Cannabis has been shown to reduce both the frequency of muscle spasms and the severity of muscle spasms. In 2005, a randomized, double-blind, placebo-controlled, crossover study (considered the gold standard of clinical trials) showed that cannabis (made up of THC and CBD) improved mobility and muscle cramps in 37 of 50 subjects. A 2007 randomized controlled trial found that cannabis supplements containing THC and CBD were more effective than placebo in treating muscle cramps, although this particular study was not statistically significant.
The effects of cannabis on muscle spasms and spasticity are likely related to its ability to reduce neuronal inflammation and slow the overall progression of the disease. A study published in the journal Nature in 2000 showed that cannabinoid receptor agonists such as THC and R (+) – WIN 55.212 (a synthetic agonist) relieve symptoms of spasticity and tremors, while cannabinoid receptor antagonists (especially CB1- Receptor) worsen symptoms.
Cannabis is an antidepressant.
Clinical depression is a common feature of multiple sclerosis, affecting up to 50 percent of people with multiple sclerosis throughout their illness. Depression in multiple sclerosis can result from damage to nerves that help regulate mood, or it can be a side effect of other drugs used to control the progression of the disease. Besides major depression, MS can also lead to a number of accompanying symptoms of emotional dysfunction.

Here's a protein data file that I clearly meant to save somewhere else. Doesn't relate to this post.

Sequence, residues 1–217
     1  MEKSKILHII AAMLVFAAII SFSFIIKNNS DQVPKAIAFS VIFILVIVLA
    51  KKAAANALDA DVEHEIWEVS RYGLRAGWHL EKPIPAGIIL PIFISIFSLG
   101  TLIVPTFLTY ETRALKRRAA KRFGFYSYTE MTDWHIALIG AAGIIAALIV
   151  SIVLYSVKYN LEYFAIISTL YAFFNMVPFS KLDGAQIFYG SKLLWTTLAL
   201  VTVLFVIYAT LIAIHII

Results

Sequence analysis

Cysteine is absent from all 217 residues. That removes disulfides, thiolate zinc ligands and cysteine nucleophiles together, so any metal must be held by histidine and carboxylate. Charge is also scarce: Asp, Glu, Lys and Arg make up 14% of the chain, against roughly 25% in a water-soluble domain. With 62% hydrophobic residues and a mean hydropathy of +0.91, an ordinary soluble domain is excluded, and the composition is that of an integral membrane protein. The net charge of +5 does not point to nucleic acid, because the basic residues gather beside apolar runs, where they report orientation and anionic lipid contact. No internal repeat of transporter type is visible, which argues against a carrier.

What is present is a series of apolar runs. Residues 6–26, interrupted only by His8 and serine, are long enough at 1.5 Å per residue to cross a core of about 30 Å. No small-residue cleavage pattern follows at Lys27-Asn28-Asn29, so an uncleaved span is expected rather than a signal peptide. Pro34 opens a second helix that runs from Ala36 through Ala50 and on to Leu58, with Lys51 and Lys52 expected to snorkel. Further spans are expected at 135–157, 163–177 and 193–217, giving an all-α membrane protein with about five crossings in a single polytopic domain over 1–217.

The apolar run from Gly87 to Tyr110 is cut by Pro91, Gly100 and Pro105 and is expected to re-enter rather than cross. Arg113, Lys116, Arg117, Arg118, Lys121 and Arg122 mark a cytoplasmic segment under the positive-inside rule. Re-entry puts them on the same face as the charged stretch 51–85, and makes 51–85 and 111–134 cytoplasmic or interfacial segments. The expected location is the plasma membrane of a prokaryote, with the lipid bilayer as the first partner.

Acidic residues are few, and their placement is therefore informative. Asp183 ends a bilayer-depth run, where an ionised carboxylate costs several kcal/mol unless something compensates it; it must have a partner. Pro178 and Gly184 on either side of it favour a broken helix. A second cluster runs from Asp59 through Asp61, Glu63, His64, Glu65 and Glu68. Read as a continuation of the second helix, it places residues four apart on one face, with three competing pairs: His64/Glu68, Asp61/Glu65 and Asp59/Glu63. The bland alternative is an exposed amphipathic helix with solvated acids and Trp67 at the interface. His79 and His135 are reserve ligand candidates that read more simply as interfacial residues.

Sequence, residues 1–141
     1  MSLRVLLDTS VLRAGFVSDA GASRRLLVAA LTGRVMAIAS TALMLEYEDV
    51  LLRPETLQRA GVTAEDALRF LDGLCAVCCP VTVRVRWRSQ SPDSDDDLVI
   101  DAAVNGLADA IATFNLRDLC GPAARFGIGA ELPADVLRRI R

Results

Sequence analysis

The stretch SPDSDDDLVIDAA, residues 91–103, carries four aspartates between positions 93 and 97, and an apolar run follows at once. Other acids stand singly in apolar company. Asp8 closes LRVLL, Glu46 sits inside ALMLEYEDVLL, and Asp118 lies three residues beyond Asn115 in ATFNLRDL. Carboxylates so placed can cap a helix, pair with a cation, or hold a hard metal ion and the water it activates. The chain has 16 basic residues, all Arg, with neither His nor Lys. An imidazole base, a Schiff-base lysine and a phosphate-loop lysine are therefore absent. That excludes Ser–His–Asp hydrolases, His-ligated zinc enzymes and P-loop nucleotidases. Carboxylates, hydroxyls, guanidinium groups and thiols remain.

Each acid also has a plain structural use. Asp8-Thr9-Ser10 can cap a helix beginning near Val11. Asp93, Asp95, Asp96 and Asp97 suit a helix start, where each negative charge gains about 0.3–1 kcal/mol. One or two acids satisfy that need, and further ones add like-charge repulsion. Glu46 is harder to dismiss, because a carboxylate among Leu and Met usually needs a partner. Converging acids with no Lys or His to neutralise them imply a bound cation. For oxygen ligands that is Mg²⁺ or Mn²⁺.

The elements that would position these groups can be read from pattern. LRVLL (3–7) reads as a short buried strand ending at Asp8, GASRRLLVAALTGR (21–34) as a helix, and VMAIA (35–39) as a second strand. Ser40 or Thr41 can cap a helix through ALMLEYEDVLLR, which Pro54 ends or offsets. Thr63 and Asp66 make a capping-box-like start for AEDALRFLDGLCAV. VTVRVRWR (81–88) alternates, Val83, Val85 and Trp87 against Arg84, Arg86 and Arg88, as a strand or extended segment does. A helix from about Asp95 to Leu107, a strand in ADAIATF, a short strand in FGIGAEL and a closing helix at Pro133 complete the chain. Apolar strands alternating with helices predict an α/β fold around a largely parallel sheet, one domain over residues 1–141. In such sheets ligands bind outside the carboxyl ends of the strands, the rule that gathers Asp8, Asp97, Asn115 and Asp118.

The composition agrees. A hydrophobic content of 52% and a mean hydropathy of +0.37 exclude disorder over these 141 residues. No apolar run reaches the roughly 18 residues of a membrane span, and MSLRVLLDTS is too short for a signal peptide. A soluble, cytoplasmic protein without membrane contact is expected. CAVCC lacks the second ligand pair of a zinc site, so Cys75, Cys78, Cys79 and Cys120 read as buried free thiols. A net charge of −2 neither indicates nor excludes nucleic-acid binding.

Cannabis’s ability to treat depression is controversial, and there is strong evidence on both sides. Several studies have shown that THC, CBD, and CBC (cannabichromen) may have antidepressant effects. The endocannabinoid system is known to play an important role in regulating mood and subjective levels of happiness, and endocannabinoids such as anandamide play a fundamental role in this process. It is believed that certain genetic variations in CB1 receptor expression may make some people more susceptible to the mood-lifting effects of cannabis.
More than 90 percent of people with MS in the US and UK reported in a survey that cannabis use relieves symptoms of depression. These relationships are complex, and subjective mood improvement may be associated with improvements in other symptoms that can cause emotional distress, including pain and spasticity, and directly affected neurons involved in mood regulation.
Cannabis can reduce abdominal discomfort.
MS can cause a variety of gastrointestinal complaints, including abdominal pain, constipation (in about 40 percent of patients), and fecal incontinence (in 7 percent of patients). These symptoms can be embarrassing, anxious, and painful.
Between 51 and 60 percent of respondents to the patient survey reported that the urgency of bowel movements was reduced by using cannabis, 44 percent reported that fecal incontinence was reduced, and 30 percent reported that constipation was improved. Cannabis has long been associated with gastrointestinal dysfunction, including irritable bowel syndrome and Crohn’s disease. The effects of cannabinoids on receptors (especially CB2 receptors) in the peripheral nervous system, which controls bowel function, are thought to be responsible for this.
While cannabis has no medical implications for treating multiple sclerosis or a direct cause, its effects can be extremely helpful in treating symptoms. Depression in people with multiple sclerosis can also be a side effect of other symptoms, and by reducing other symptoms, cannabis can improve the quality of life for people with multiple sclerosis.